Harry Wallop feels the pressures of the new school year while hosting yet another furry friend.
As I return home on Friday night, having navigated a week of getting four kids back to school and all that this brings, I trip over a small wheely suitcase in the hall. ‘Whose is that?’ I say grumpily. ‘It’s Rex’s,’ says my wife. ‘We’re looking after him for the weekend.’
Rex, it turns out, is the school’s stuffed bear. Not actually taxidermied, just a stuffed toy.
Inside his suitcase is a large album, containing photographs, drawings and captions, filled in with great care by the previous custodians of Rex. Rex at a fireworks evening, Rex having a midnight feast, Rex at the swimming pool in goggles and trunks. Rex is quite a party animal.
‘He’s very excited,’ my wife says gravely.
‘No, the five-year-old.’ Indeed, he is. He has plans for Rex, clearly seeing the album as a competition. Rex’s weekend with us must top all his previous adventures. As the journalist in the house, I am designated with ensuring Rex gets a suitably lavish double-page spread. The five-year-old is the youngest of our four children, so I consider myself quite an old hand at this whole look-after-the-school-terrapin-for-the weekend thing. Handing out an animal to certain pupils has now become as much a staple of modern school life as fidget spinners and letters from the head about sun cream. Sometimes it’s a special treat for good behaviour, sometimes it’s just arranged by rota.
In the past few years, we have cared for a number of nursery or school pets, including various hamsters, whom we have managed not to lose under the skirting boards, though it was a close shave. The most fun was some recently hatched chicks, who managed to melt even the hardest most-cynical hearts in the house. They did very little, except cheep-cheep in a tray and bob up and down like extras in an Easter advert. All you had to do was ensure their tiny saucer of water was kept topped up.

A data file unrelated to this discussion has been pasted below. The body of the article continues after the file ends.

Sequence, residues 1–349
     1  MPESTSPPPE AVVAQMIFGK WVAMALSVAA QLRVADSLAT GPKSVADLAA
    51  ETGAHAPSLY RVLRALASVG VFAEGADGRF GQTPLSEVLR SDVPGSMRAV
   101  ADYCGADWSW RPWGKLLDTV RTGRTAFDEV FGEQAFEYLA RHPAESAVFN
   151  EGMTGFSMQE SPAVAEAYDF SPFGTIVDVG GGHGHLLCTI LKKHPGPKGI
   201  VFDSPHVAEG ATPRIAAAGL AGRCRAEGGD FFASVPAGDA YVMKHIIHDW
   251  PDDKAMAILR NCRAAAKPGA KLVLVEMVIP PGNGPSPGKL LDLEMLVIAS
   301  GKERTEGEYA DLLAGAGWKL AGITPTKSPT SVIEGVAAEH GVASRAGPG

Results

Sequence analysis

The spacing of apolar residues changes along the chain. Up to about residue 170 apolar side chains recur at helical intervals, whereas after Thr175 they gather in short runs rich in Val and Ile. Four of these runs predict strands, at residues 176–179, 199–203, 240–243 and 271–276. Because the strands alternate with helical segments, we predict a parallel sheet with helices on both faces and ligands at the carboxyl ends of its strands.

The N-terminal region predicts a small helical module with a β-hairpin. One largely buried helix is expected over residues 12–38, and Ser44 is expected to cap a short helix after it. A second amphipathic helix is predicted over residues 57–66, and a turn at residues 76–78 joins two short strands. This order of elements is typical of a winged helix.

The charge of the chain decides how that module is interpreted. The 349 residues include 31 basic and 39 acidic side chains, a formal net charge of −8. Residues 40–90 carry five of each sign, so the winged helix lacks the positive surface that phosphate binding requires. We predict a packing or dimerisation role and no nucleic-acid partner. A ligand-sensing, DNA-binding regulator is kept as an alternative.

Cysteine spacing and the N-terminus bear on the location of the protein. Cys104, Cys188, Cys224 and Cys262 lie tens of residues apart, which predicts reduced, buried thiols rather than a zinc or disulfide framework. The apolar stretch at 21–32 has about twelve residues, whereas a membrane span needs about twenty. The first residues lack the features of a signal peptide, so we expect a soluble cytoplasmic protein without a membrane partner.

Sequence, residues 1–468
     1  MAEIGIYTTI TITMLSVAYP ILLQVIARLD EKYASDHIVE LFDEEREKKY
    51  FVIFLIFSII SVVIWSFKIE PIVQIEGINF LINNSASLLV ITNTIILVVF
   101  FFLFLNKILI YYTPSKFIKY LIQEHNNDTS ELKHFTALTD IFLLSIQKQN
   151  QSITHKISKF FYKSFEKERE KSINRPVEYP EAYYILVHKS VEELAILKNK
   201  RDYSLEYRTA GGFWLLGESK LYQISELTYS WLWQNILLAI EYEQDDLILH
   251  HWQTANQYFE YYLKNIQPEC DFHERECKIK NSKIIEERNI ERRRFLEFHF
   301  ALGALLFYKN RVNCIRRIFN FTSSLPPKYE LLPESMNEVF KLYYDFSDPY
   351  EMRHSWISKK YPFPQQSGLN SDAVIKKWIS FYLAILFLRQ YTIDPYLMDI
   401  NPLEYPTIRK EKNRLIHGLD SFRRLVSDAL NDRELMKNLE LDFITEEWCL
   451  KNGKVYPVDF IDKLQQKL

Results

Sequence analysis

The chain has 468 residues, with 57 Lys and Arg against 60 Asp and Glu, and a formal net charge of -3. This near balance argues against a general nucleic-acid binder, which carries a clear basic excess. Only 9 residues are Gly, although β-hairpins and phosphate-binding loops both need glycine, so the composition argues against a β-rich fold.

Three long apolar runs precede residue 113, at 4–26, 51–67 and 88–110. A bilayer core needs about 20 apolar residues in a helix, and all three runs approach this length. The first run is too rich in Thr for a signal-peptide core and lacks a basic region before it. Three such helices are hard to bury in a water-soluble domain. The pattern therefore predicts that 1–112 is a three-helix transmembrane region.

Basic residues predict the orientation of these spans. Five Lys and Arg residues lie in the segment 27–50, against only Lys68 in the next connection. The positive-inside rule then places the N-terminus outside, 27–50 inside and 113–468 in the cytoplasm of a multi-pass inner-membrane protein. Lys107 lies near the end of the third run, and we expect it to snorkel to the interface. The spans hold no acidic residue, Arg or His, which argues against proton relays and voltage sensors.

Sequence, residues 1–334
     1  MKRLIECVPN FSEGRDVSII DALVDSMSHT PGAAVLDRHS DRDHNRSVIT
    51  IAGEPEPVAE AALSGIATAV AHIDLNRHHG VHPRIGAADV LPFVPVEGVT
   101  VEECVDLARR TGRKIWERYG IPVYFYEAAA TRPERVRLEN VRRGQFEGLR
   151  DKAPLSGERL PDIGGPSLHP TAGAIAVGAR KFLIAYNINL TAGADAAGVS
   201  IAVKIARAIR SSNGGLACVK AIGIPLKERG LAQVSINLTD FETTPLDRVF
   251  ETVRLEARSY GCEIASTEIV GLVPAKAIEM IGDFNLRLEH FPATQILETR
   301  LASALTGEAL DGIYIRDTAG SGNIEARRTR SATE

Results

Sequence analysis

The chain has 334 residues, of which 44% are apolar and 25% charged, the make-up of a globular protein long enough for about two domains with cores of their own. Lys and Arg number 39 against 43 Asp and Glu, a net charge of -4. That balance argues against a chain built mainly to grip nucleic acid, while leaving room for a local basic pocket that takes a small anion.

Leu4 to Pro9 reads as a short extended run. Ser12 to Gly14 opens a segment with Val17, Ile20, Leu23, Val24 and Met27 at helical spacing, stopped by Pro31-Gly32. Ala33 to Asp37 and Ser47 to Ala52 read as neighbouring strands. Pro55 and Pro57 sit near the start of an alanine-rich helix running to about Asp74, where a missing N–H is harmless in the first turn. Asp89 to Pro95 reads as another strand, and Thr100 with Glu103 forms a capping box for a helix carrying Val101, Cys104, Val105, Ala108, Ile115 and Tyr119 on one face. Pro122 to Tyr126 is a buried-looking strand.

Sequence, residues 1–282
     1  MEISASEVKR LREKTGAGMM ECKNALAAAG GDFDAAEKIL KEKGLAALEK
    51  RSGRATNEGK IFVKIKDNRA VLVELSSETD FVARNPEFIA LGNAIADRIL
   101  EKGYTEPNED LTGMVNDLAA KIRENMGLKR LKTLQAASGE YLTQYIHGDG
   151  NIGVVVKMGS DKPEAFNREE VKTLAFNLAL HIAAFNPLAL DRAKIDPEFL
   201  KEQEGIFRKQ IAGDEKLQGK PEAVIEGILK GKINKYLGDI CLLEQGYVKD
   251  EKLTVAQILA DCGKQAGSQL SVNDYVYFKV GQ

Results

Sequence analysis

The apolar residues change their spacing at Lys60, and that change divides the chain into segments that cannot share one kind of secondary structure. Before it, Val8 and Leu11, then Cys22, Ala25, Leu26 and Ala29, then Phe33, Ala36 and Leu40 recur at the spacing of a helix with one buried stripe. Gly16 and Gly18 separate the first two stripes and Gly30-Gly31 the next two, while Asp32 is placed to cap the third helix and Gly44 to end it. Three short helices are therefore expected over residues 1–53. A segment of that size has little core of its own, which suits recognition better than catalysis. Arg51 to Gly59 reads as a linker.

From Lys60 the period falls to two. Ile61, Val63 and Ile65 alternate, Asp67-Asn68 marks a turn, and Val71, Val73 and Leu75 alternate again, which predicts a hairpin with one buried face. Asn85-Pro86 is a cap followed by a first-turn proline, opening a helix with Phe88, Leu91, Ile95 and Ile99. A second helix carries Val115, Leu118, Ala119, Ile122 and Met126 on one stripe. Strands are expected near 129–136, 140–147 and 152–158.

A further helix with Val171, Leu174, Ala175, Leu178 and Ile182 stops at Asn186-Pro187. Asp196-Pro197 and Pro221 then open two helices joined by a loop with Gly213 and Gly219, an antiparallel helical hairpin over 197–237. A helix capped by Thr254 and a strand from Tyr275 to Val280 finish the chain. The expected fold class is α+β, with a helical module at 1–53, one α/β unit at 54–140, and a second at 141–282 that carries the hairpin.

It turns out that there are a number of enterprising suppliers of “living eggs” to schools. They provide the school with eggs, kept warm in an incubator. The class then gets to watch the eggs hatch, look after the chicks, and – just when the chicks might become a handful – they get handed back to the supplier who sells them onto a free range farm. They should introduce them to offices. Cheaper and more fun than offering free gym membership.
The live animals are a doddle. You just have to make sure you don’t kill them. Unlike a friend of ours, whose daughter was given the nursery rabbit to look after on its inaugural weekend trip. He decided the rather bulky hutch would be best kept in the garden. On the Sunday morning, he found a north London fox had half-savaged the pet. Let’s just say his daughter is still in therapy.
Rex, however, was even harder work. He required more handling than an A-list rockstar with a difficult rider. To fill a double-page of an A3 album requires quite a substantial photo-shoot: Rex having toast, Rex cleaning his teeth, Rex joining the five-year-old at a birthday party, Rex having a “hair cut” alongside the five-year-old. It was exhausting. Every shot would be vetted by the five-year-old, like a supermodel’s agent.
Various activities were especially undertaken just to prove we were a go-get it family, not the sort of family that, in all honesty, wants to spend the entire weekend slobbed on the sofa watching cartoons. So, we hauled ourselves off to the local city farm just for the album’s sake. On Sunday night, long after the five-year-old was in bed, I was still on my hands and knees with Pritt Stick and the guillotine, trying to do justice to Rex’s Great Weekend.
If nothing else, the five-year-old has been given a lesson in the stresses and strains of maintaining a social media profile. Rex’s high jinks and accompanying photographs were no different from those fashion bloggers, wellness gurus and teenage singers that fill up so much of Instagram with their experiences – mostly staged, mostly faked like Rex’s haircut.
As for me, it was another painful reminder that back to school means yet more school projects, which in turn guarantee hours and hours of the parent’s time spent printing off things from the computer and emergency late-night-dashes to buy glue and paper. I wonder whether Rex had fun. It was hard to say.